I thought that, if the emoji ID generation has to change, maybe I can change it for the better? I brainstormed some ideas in the IndieWeb chat. One nice change would be to bring the emoji set up-to-date to at least Unicode 14 (published 2021, implemented widely during 2022). One major unsolved challenge would be to come up with some "unproblematic" set of emojis. For example, modifiers for skin tone and gender are widely supported, even in complex combinations like people kissing.

Thanks to sknebel some helpful suggestions, like generating IDs without skin tone modifiers and stripping out skin tone modifiers before looking up an ID. This would allow webring users to customize any emoji that have skin tone variants. Maybe that could be expanded to customizing more things when there are variants by gender, or complex combinations like family with two adults and two children, if it should come up. A "customize your ID" tool begins to design itself (lol).

sknebel also pointed me to an excellent resource that the Unicode consortium calls the "best definition of the full set [of emoji]" - the emoji-test.txt file. Here's the Unicode 14 emoji-test.txt file. It encodes each emoji in a line-oriented format, organized helpfully into groups and sub-groups like the ones you see on your favorite emoji keyboard.

I could parse this file out into various datasets annotated with their groupings and sub-groupings. Then, I could use those definitions to pull together any combination of (sub-)groupings that I want into different hash-emoji datasets.

I could expand a "customize your ID" tool to allow folks who don't like their initial ID to opt out of any groups they don't want emojis from. I could treat those groupings as a flag set and map that flag set to an emoji to prepend to their ID, so each combination of groups becomes its own key space. Nice!

Reader, let me tell you: I do not want to do all of that.

End with the other Horrible Admission 🀫😏

As implemented, the webring isn't a true ring. Whether a visitor clicks your custom emoji /next link or your custom emoji /previous link, the webring, in fact, sends you to another active site in the ring at random.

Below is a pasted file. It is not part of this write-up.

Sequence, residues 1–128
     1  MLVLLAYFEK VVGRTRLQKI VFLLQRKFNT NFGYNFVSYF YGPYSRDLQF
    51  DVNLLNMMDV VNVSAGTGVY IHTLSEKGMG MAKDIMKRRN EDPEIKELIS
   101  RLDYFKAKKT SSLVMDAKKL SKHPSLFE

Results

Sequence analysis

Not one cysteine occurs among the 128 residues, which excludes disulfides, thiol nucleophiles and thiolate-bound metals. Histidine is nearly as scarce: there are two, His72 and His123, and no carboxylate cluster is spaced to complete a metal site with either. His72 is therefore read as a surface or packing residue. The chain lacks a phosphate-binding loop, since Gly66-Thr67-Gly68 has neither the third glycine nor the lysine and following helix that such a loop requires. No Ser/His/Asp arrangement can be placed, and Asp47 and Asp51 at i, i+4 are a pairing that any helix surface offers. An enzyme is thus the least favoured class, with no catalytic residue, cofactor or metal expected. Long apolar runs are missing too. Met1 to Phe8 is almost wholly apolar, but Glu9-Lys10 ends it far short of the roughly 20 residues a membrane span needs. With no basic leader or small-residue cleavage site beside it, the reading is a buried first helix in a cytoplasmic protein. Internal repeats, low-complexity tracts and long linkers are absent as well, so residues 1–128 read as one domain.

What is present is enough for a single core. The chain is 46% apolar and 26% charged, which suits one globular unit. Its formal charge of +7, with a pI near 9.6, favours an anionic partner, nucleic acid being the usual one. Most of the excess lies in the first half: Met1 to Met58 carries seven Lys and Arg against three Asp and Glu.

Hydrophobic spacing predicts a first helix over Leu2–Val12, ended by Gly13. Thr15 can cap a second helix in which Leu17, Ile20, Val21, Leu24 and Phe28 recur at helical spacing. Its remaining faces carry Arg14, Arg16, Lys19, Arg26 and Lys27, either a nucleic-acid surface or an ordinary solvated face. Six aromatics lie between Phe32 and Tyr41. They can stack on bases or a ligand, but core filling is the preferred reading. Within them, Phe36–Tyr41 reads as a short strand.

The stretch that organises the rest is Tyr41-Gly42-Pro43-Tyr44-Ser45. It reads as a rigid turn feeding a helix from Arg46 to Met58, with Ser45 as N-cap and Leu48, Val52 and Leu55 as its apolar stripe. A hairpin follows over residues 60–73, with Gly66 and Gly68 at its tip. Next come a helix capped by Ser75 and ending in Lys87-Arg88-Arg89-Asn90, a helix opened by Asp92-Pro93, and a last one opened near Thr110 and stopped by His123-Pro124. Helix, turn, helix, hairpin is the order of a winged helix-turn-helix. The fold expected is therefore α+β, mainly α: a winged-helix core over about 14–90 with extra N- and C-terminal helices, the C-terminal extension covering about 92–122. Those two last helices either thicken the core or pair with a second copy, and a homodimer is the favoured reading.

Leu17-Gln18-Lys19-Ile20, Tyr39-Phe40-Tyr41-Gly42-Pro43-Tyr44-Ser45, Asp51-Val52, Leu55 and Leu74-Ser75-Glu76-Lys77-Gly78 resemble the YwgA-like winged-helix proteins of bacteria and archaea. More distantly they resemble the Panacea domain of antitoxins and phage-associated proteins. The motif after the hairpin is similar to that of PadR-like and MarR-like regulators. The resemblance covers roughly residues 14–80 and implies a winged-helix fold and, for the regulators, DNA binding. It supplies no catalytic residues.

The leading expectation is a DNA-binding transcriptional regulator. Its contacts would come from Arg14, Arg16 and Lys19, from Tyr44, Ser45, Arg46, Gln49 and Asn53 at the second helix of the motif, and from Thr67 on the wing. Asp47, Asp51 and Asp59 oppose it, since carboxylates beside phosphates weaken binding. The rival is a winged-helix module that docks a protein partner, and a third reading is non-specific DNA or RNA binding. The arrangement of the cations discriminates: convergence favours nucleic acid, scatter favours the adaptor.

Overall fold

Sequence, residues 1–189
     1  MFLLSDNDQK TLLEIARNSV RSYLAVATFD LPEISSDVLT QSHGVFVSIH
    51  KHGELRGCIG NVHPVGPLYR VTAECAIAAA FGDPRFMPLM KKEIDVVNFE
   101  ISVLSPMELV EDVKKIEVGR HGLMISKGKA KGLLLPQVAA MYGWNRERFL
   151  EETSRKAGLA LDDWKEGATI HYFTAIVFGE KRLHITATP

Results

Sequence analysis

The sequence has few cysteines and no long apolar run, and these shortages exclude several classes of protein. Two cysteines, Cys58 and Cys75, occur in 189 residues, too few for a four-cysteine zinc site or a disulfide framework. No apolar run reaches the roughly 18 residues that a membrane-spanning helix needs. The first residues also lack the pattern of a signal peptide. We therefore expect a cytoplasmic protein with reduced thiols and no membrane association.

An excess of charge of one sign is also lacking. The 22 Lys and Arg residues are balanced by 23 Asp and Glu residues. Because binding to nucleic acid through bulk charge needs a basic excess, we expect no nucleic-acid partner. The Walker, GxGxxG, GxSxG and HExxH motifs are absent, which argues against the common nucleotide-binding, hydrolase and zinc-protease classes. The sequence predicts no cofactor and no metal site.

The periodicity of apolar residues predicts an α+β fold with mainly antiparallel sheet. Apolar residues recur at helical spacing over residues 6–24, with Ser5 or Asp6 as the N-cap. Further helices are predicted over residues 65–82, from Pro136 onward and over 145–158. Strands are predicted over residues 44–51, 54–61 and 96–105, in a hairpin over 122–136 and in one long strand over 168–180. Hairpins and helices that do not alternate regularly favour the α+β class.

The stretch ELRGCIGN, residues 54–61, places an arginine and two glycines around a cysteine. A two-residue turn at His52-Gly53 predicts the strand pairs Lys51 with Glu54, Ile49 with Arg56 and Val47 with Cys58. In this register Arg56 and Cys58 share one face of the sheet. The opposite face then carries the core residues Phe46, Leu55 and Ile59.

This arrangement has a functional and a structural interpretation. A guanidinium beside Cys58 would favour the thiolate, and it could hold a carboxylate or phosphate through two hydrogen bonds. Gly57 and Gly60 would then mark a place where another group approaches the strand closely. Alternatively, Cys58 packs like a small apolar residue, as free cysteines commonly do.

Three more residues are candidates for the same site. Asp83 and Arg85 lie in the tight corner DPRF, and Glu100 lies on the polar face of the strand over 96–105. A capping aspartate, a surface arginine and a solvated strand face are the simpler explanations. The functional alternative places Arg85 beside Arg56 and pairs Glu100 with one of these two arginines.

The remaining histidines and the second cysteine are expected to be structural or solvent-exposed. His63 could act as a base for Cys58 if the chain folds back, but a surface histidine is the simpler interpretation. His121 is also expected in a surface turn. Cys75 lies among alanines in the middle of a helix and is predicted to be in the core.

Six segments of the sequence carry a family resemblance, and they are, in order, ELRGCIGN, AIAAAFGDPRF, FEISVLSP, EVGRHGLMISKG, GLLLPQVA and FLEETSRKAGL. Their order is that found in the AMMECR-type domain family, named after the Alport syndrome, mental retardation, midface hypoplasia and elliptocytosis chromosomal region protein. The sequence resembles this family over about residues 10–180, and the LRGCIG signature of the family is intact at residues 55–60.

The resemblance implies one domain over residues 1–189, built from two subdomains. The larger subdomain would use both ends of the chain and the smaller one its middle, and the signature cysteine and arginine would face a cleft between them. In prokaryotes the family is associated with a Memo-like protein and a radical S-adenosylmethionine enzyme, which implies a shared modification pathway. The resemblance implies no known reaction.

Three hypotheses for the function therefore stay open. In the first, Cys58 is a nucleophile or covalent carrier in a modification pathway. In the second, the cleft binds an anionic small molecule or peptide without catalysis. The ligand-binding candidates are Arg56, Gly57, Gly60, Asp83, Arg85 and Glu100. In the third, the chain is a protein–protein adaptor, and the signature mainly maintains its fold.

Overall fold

So what's next? I think the webring can function fine without these IDs. The copy-paste webring links can become identical for everyone, and the directory, sign-in, and dashboard pages don't make use of them at all. The one exception is individual profile page URLs for member pages, which I think I can safely drop.

What do you think? Are you horrified by any of this? Enraged? Got an ideas I can try instead? Drop me a reply, I'd love to hear from you!

Wed Apr 5

Site updates: showing emoji reactions

Inspired by Eddie Hinkle's recent post about viewing webmentions, I decided to improve the way I display webmentions on my site.

TL;DR, my site now pulls attempts to recognize single-emoji comments and display them as a "Reaction".

Slightly longer version - my site uses for handling webmentions, and I use brid.gyΒ to backfeed interactions from Facebook to my own site. The way handles Facebook reactions other than the standard "like" is a little quirky - they show up inΒ webmention.ioΒ as a "reply" with a single emoji as the "content".

Using the Ruby twemojiΒ library, my site checks the "content" of a reply against the emoji index and, if the content is a single emoji, pulls it out of the usual "reply" display and puts it in a facepile. The emoji itself is shown as an icon in the corner of the little face image.

Example of some ❀️ reactions from Facebook

While I was at it, I cleaned up a lot of my webmention-handling template to make things much clearer. This will make things easier for folks that want to re-use this code when I (eventually) release this as a Jekyll plugin.

Tonight is a Homebrew Website Club night, but Baltimore is not having another official meetup until April 19th. Still, I wanted to get something done to continue my deal with Jonathan to post something IndieWeb related at least once per week.